THE LOVERS’ PHRASEBOOK, poems by Jordi Alonso, reviewed by Claire Oleson

Jordi Alonso’s collection The Lovers’ Phrasebook shelves itself precisely in the lexical gap between languages, working with absence to depict presence and utilizing singular words to display relationships. These poems are able to gesture at miscommunication and a lack of sufficient vocabulary while also creating space for new conversation. The Lovers’ Phrasebook excels in its bravery and conceptual construction, working to translate without obscuring or whiting-out the original word in favor of an English counterpart. It’s a book that hails the multiplicity of loves and languages, largely favoring an experiential approach to definition rather than a literal one. The Lovers’ Phrasebook is an invitation to re-imagine how we move between languages and what the space in between words and their translations means and can be used for. By placing love in the space between fluency and confusion, Alonso has turned what could have been a dictionary into a romance.

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WHIPSTITCHES, poems by Randi Ward reviewed by Hannah Wendlandt

Whipstitches is, at its core, an examination of all the many aspects of a rural home, especially a rural childhood home. The pastoral is tinged with loss and decay because the world is, it is colored by the lives drawing strength from it just as is the earth, and so this small somewhere becomes a whole and complete universe. Randi Ward’s poems are neat and well-edited impressionistic snapshots that interact in a novel way to create depth despite their length. Ward is triumphant in her presentation of a rural childhood; you know this girl. You’ve seen her at a diner or a gas station. Come hear what she has to say.

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Only More So, poems by Millicent Borges Accardi, reviewed by paulA neves

Only More So is a read for troubled times. War, climate change, cancer—it’s all here in forty-six poems of mid-life contemplation that simultaneously remind us that forgetting the past condemns us to repeat it and that celebrating the remembering is a necessary act of resistance and transcendence. Appropriately, the former sentiment originates not from Churchill, the statesman who appropriated it in wartime, but George Santayana, the poet who believed “only the dead have seen the end of war.”

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BLINDSIGHT, poems by Greg Hewett, reviewed by Brent Matheny

Throughout Blindsight, the reader is presented with the voice of a poet whose urges to feel and desires to know reflect those universal to humanity. Through his plainspoken language which is, at times, conversational and, at times, confessional we are reminded of our own desires, those things for which we do still burn. We are also reminded of our own blindness, literal and otherwise which obstruct our view, reflecting the world through a glass darkly. But even in the dim light, in the uncertainty, even when, after finally getting what you want, you’re not sure if you’re left “maybe more/ nervous than longing, / maybe indifferent, or regretting”, there is still beauty in this muddled world, even when we are left lying, “mourning among the ruins.”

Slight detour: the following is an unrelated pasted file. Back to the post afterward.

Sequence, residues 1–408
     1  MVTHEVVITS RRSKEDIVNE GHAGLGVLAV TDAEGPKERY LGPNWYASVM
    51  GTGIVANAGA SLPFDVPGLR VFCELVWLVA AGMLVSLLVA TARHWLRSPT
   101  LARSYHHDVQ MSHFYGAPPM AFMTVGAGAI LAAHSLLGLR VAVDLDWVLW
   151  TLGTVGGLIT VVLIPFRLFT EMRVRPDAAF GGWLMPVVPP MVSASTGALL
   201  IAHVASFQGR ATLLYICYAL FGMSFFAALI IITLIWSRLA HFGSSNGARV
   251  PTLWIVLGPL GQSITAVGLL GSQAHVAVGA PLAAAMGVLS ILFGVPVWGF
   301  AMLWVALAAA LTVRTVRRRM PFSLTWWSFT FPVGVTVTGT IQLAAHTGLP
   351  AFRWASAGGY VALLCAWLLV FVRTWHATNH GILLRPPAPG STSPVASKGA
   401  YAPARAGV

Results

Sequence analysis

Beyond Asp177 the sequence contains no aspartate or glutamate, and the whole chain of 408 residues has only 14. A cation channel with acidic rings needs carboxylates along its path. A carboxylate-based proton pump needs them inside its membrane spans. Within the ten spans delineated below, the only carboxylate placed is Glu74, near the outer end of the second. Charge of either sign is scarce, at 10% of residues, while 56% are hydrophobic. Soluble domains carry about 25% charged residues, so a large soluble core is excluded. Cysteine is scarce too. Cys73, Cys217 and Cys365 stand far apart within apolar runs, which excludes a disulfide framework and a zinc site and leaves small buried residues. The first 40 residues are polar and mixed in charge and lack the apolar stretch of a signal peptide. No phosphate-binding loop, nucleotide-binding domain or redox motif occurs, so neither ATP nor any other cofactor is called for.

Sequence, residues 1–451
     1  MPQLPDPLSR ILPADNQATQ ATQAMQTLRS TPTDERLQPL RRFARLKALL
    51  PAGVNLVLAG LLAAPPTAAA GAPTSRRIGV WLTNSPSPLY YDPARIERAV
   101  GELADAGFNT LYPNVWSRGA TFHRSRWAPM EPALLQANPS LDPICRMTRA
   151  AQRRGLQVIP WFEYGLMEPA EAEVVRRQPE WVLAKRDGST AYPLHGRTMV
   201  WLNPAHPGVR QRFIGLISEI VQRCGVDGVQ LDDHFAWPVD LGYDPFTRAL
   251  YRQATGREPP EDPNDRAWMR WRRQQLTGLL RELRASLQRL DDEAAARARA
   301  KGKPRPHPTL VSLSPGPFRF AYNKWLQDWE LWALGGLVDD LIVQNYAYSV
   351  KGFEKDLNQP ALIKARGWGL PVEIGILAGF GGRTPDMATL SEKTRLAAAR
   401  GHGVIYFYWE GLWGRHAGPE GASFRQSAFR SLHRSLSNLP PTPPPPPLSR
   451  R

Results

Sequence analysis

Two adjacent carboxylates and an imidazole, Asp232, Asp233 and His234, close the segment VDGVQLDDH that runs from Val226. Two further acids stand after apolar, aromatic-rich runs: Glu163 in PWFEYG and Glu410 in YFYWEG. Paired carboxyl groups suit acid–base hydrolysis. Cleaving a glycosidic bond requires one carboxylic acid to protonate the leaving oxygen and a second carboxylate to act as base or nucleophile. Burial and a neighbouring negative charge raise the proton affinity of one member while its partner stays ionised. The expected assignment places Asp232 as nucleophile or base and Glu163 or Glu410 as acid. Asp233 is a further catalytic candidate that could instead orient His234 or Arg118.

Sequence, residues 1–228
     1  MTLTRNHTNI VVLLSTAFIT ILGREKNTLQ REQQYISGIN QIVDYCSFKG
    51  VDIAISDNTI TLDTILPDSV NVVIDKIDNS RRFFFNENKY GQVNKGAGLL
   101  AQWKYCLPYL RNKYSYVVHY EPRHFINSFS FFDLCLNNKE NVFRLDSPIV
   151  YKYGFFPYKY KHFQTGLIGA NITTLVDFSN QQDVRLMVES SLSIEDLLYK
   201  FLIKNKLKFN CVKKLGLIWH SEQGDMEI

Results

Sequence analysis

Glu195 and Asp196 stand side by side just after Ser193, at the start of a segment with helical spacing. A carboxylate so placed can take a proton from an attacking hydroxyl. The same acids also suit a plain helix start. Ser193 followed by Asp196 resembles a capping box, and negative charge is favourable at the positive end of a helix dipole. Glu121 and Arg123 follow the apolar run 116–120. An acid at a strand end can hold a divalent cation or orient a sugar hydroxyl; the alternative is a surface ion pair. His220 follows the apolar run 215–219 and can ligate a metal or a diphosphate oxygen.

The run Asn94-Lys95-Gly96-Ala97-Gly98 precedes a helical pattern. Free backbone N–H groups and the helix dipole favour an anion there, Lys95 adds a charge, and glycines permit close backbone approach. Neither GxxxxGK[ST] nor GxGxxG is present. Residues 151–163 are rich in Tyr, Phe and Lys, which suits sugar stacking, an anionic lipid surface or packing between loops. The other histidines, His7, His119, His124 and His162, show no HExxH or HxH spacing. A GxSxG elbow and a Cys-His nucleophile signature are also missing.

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BEFORE PICTURES, a memoir by Douglas Crimp, reviewed by Gabriel Chazan

Douglas Crimp’s memoir Before Pictures invites readers into the lively artistic and queer worlds of 1960s to 1970s New York where Crimp was formed as an art historian. This is the same New York which brought him to curate Pictures, a small exhibit at Artist’s Space now considered pivotal to ideas about contemporary art. In the art history textbook Art Since 1900 (2004), Pictures is historicized as having given a platform to artwork meant to give “a new sense of the image as ‘picture’” and to “transcend any particular medium.” Here, Crimp embraces this transcendence in a different way. In his consideration, no single art form, from fashion to architecture, comes out as primary.

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YEAR OF THE RAT, a novel by Marc Anthony Richardson, reviewed by Matthew Jakubowski

Marc Anthony Richardson is an artist from Philadelphia and this compact book, his first, which won the Ronald Sukenick Prize for Innovation Fiction, makes for a fine addition to the recent history of experimental prose by writers with ties to Philadelphia—from the late Fran Ross (whose 1974 novel, Oreo, was recently re-issued) to contemporaries like Samuel R. Delany, Sabrina Vourvoulias, Hilary Plum, Caren Beilin, and the West Philadelphia sci-fi collective Metropolarity.